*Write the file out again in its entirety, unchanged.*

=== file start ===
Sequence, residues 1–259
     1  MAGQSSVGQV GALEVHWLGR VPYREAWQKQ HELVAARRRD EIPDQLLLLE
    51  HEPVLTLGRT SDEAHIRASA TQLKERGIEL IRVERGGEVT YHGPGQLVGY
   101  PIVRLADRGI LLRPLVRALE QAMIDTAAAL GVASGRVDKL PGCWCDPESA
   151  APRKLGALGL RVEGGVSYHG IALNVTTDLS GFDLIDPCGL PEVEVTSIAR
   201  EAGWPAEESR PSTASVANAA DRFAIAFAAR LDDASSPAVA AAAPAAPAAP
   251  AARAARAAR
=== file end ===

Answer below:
Sequence, residues 1–259
     1  MAGQSSVGQV GALEVHWLGR VPYREAWQKQ HELVAARRRD EIPDQLLLLE
    51  HEPVLTLGRT SDEAHIRASA TQLKERGIEL IRVERGGEVT YHGPGQLVGY
   101  PIVRLADRGI LLRPLVRALE QAMIDTAAAL GVASGRVDKL PGCWCDPESA
   151  APRKLGALGL RVEGGVSYHG IALNVTTDLS GFDLIDPCGL PEVEVTSIAR
   201  EAGWPAEESR PSTASVANAA DRFAIAFAAR LDDASSPAVA AAAPAAPAAP
   251  AARAARAAR